NE: The term ‘birdbrain’ is part of our language. Our ancestors knew more about the capabilities of our feathered cousins than we did, until very recently. They feature as the clever protagonists of many fables and legends, including origin stories concerning the beginning of the world. Although somewhat fanciful, there is a lot of truth – at least in terms of their behaviour and intelligence – about these birds. A bigger issue is that most people have little experience of birds, outside of pigeons, chickens, ducks and sparrows, and they wouldn’t know what constitutes intelligence. You see an animal using a tool, such using a stick to move food into reach, and it is easy to use your own experience to understand that this requires some intelligence. This is possibly why a video of a New Caledonian crow solving a problem requiring 8 different steps has received over 10 million hits on YouTube. It just looks clever. Compare that to a study of long-term memory, such as remembering where something was hidden 6 months ago. This doesn’t translate very well to a single video. All the relevant information about what maybe going on in the bird’s mind when it’s recovering a memory of a past caching event, such as ‘where or when did I hide that worm?’ is hidden in the details of the experiment rather than a video clip. Our perception of all animals is guided by what we see in front of us, and its relationship to our past experiences. Unfortunately, our day-to-day view of the natural world is not enhanced by a Sir David Attenborough voice over. This clouds our view of an animal’s intelligence more than any particular aspect of their behaviour.
What would you say were your most important findings about clever birds?
NE: There are three pieces of research of which I’m the proudest. The first is the study that I mentioned earlier, that scrub-jays are protective of their caches by implementing different strategies to reduce the chance of them being pilfered. The most intriguing fact about this, is that not all scrub-jays do this. It’s not an innate response to being watched. Only birds that have previous experience of being thieves protect their caches – it takes a thief to know a thief! Birds without such experience, do not protect their caches. They are too naïve to know that the world is a bad place until they experience otherwise. This finding has been proposed as evidence that jays have a theory of mind – thinking about another’s thoughts. However, I’m not sure that this is akin to human theory of mind or a process that is special to creatures who cannot speak.
The second finding is a series of studies on tool-related cognition in rooks; namely whether they are capable of creating novel tools to solve unique problems, such as bending a wire to reach and pull up a bucket containing a treat, or placing stones into a water-filled tube to raise the water level to reach a treat floating on the surface. There is no evidence that rooks use tools in the wild, so it is striking that in captivity they can do things that great apes have yet to demonstrate. One of my greatest loves is designing experiments, especially new cognitive tasks. I have notebooks filled with my experimental designs, and we’re currently testing the problem-solving abilities of the famous ravens at the Tower of London using some of these new designs. It’s extremely rewarding when others adopt your tasks, especially when they add their own improvements and test them on their own species. One case is the Water Displacement Task, my ex-PhD student Chris Bird and I adapted from Aesop’s Fable ‘The Crow and the Pitcher’, that has now been used to test rooks, New Caledonian crows, Eurasian jays, western scrub-jays, grackles and young children. It’s one of the challenges of comparative psychology to develop tasks that assess cognitive differences across species that aren’t based on simpler factors, such as visual acuity or manual dexterity. Certainly for birds, the Aesop’s Fable Task appears to be achieving this aim.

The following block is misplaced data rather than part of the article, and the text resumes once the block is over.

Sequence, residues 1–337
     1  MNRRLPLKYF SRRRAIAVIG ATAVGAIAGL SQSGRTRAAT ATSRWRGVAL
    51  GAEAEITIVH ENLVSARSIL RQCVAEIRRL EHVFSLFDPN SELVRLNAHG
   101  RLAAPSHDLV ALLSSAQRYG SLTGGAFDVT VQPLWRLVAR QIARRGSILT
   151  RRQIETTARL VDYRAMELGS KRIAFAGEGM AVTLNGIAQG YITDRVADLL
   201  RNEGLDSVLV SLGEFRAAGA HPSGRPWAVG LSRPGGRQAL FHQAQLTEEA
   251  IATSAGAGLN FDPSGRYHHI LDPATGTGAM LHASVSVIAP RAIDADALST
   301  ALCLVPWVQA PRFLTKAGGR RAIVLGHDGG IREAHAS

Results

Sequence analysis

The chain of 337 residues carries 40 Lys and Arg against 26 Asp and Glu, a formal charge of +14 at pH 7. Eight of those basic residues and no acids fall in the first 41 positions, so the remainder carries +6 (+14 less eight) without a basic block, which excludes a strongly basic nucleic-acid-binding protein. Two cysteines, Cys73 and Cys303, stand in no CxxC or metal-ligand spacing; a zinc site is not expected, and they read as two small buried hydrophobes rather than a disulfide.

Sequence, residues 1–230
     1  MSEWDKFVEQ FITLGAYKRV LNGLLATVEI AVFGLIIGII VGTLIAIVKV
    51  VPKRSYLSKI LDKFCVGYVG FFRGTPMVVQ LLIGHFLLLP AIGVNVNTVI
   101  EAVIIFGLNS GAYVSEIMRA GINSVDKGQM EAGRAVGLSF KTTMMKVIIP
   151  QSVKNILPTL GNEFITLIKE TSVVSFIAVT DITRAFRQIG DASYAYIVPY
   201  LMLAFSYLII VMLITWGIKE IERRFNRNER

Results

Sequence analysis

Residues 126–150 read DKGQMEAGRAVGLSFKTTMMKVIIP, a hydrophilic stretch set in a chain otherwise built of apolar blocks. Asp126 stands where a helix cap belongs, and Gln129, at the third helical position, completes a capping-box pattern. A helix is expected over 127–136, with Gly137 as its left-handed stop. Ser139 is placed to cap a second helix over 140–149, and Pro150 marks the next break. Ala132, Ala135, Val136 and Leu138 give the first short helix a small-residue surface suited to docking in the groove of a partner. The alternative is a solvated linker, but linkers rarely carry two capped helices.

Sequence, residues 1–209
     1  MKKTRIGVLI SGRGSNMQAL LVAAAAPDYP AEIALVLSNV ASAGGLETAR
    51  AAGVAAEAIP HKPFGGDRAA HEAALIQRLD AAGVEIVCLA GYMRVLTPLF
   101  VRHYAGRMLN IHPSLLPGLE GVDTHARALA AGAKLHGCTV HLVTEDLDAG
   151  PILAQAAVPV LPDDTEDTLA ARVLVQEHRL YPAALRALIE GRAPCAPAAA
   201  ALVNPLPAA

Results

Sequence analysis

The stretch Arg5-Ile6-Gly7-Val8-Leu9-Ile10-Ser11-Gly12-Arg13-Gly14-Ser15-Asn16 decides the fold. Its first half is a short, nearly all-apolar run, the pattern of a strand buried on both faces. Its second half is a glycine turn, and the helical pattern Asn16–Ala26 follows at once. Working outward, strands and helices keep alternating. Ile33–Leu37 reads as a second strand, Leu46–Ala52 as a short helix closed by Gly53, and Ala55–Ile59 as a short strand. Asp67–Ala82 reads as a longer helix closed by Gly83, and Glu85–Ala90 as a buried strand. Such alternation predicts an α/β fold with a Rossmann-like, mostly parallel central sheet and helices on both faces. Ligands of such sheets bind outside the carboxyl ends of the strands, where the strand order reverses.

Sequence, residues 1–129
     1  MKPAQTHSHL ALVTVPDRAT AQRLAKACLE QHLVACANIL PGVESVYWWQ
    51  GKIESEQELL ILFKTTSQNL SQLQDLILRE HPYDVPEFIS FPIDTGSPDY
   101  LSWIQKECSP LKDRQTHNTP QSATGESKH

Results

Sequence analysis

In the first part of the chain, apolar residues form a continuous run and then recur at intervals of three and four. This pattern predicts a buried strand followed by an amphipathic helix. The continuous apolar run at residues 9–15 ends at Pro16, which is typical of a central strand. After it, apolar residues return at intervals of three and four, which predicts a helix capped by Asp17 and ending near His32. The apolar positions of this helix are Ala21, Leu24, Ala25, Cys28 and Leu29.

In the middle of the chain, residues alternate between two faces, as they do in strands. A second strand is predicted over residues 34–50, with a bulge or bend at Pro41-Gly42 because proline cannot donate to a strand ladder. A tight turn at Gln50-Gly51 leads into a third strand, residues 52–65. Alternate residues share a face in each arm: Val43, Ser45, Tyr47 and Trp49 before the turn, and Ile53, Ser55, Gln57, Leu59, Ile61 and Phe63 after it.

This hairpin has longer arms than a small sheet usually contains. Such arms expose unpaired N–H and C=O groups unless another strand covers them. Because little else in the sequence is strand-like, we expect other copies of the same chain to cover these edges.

The final contribution for which I’m proudest is not the result of an experiment, but an idea. Nicky and I wrote a review paper in the journal Science in 2004 in which we proposed that crow and ape intelligence is an example of convergent evolution – namely that complex cognition evolved in these distantly related animals due to facing similar selection pressures, such as living in complex social groups or having to find and process a range of foods, some that are difficult to acquire or with external defences. This idea lead to me coining the term ‘feathered apes’ for corvids. It is gratifying to see this has become part of the scientific furniture where the general public just accepts that crows are smart, and just as smart as apes, dolphins and elephants.
Nathan Emery is Senior Lecturer in Cognitive Biology at Queen Mary University of London, UK has studied the intelligence of corvids, and parrots, as well as apes and monkeys for the last 20 years. Emery is the co-editor Social Intelligence: From Brain to Culture and The Cognitive Neuroscience of Social Behaviour, and is on the editorial board of the journals. He is the author of Bird Brain: An Exploration of Avian Intelligence, a visually stunning guide to the brain, behaviour and cognition of our feathered friends. Emery’s work has been extensively covered by international newspapers and magazines, in books, and on TV. He is currently working with the ravens at the Tower of London.